Risk Adjustment

Impact of the CMS Final Announcement and Call Letter 2018

On April 3, 2017, CMS released their Final Announcement and Call Letter for payment year 2018. The letter is an update to February’s Advance Notice, subsequent to industry comments. Despite signs that the Administration and Congress would maybe cut back government health programs, CMS continues to explore additional options and new ideas for the Part C and D programs.

Industry comments made it very clear that health plans were not ready for Encounter Data Submissions. Given that, CMS has scaled back plans to base payments on these submissions. In 2018, CMS will blend payments with 85% based upon RAPS submissions and 15% from EDS in 2018 (it was supposed to be an even 50% split). This is a step backward in CMS’s attempts to collect complete and accurate data on patient encounters via Encounter Data Submissions, from which it intends to properly re-formulate Medicare payments and policies. CMS has identified seven measures in the three areas of Operational, Completeness, and Accuracy Performances on which to focus compliance review efforts in the EDS arena.

For the 2018 payment year,  the announcement set the Normalization factor at 1.017 and reduced the Coding Pattern Adjustment by 0.25% (the statutory minimum) to 5.91%. As others have noted, this factor intends to address the more complete and accurate diagnostic coding that is generally observed under Parts C and D Medicare, when compared to Fee For Service coding results. Commenters and industry experts continue to raise the concern that this policy will still permit lackluster FFS coding quality while penalizing those who collect complete and thorough diagnostic information; CMS, however, remains unconvinced, sharing their position that the additional accuracy supplied by the efforts of Medicare Advantage and Part D plans exceeds the original forecasts regarding the Risk Adjustment schema.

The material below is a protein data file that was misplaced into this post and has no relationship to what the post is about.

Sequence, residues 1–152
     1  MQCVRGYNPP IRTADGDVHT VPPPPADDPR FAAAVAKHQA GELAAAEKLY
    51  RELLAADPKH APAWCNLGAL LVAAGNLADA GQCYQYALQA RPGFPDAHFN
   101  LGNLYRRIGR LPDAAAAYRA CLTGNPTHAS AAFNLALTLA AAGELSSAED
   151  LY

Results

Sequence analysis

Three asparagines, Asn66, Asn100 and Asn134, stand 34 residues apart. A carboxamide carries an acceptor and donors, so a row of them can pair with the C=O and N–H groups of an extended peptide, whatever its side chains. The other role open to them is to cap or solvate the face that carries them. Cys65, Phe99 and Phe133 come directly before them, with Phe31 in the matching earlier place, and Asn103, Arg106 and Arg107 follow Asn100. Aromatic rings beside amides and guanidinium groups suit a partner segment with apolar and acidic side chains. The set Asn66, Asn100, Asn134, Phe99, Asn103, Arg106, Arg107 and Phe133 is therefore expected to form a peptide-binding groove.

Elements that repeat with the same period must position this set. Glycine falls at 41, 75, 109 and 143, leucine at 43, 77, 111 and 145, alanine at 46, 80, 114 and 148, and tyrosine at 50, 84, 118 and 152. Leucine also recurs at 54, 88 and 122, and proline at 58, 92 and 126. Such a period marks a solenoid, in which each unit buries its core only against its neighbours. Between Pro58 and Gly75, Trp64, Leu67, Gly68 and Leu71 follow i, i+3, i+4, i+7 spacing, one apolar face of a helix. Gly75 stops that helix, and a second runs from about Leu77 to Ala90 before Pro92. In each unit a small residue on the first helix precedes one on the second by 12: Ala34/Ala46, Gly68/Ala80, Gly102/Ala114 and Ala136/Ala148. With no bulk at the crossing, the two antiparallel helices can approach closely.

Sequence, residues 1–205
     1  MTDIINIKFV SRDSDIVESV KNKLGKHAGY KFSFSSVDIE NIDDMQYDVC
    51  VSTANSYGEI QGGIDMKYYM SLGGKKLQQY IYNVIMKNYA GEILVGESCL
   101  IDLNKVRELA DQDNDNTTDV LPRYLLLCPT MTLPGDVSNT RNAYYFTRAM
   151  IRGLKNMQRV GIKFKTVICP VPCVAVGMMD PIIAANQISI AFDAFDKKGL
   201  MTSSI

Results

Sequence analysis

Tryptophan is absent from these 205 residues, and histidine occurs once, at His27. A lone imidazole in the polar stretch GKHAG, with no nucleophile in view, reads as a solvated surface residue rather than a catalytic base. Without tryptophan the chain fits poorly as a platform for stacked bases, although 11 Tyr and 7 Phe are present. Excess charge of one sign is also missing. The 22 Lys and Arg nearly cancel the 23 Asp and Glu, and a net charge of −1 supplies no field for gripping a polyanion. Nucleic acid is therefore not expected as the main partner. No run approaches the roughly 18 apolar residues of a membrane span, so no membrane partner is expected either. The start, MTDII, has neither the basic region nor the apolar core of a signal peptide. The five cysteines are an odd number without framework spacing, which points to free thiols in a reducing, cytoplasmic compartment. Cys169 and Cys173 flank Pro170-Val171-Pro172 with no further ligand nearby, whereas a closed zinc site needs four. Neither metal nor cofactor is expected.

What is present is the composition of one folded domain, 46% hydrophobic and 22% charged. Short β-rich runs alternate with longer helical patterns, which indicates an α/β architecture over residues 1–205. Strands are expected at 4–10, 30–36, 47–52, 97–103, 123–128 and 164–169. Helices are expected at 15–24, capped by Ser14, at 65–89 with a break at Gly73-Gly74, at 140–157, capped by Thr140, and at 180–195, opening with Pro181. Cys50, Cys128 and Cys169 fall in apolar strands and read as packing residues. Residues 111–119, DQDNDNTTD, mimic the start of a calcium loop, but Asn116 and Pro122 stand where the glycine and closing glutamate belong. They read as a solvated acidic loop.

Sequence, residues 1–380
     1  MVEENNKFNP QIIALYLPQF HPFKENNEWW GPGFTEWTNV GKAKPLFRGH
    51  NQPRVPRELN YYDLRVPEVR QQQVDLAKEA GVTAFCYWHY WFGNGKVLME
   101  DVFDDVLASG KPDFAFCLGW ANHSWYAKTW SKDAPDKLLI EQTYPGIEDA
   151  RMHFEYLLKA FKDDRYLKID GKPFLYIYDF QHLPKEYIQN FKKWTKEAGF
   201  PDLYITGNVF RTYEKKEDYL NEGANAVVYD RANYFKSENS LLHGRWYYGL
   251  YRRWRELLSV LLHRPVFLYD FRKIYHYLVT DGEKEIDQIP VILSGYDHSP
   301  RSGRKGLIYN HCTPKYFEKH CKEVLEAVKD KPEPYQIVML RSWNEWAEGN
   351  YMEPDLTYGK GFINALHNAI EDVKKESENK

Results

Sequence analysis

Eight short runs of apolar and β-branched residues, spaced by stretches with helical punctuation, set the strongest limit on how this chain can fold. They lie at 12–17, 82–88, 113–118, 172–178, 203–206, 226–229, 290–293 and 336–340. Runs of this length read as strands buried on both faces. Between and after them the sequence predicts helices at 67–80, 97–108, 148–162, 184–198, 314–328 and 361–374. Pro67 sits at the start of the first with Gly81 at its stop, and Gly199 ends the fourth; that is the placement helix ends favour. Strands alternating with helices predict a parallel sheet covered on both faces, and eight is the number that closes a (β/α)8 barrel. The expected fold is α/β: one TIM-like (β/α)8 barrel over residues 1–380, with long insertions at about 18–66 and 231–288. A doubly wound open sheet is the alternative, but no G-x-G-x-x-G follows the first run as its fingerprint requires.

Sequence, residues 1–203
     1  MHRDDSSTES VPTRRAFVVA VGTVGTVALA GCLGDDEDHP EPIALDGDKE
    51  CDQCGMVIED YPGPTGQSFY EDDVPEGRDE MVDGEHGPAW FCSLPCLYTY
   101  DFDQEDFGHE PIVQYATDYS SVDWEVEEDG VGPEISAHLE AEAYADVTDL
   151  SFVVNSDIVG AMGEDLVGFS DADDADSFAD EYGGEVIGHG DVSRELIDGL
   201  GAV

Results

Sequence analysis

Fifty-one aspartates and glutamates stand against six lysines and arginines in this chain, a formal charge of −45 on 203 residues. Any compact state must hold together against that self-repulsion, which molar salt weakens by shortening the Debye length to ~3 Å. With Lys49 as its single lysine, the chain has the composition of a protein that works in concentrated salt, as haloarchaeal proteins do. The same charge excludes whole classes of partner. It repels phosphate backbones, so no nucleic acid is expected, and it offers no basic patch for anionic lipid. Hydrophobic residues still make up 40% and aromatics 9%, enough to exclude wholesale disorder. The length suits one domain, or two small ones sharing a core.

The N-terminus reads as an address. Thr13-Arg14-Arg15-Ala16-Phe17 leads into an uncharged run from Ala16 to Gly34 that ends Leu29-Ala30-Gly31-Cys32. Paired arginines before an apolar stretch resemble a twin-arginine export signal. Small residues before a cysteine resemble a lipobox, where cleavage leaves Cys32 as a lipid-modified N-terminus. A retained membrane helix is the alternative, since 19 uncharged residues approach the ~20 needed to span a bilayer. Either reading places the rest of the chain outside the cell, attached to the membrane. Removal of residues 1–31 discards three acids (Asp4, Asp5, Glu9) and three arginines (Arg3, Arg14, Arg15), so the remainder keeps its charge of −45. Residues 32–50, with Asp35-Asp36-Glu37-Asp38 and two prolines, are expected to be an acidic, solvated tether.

Overall, Medicare Advantage payments are expected to rise 2.95%, an aggregate of CMS’s analysis across participating plans based on the factors mentioned above, improved coding accuracy and completeness, etc.

After consideration, CMS has not significantly changed Star Ratings and the underlying adjustment factors (e.g. Categorical Adjustment Index), though a few specific measures were modified. CMS continues to focus on identifying measures that have been maximized by plans and which no longer hold the potential for significantly improve patient care.

For purposes of patient privacy, CMS has undertaken a program (mandated under Medicare Access and CHIP Reauthorization Act, or MACRA) to remove Social Security Numbers from the beneficiary identifiers used in the Medicare program—specifically, the Health Insurance Claim Number (HICN), which is based on a beneficiary SSN plus one or more additional clarifying characters. In 2018, CMS intends to replace all HICNs with a unique Medicare Beneficiary Identifier (MBI) that will not be SSN-based.  All health plans and other organizations handling Medicare data will need to adapt to this change.



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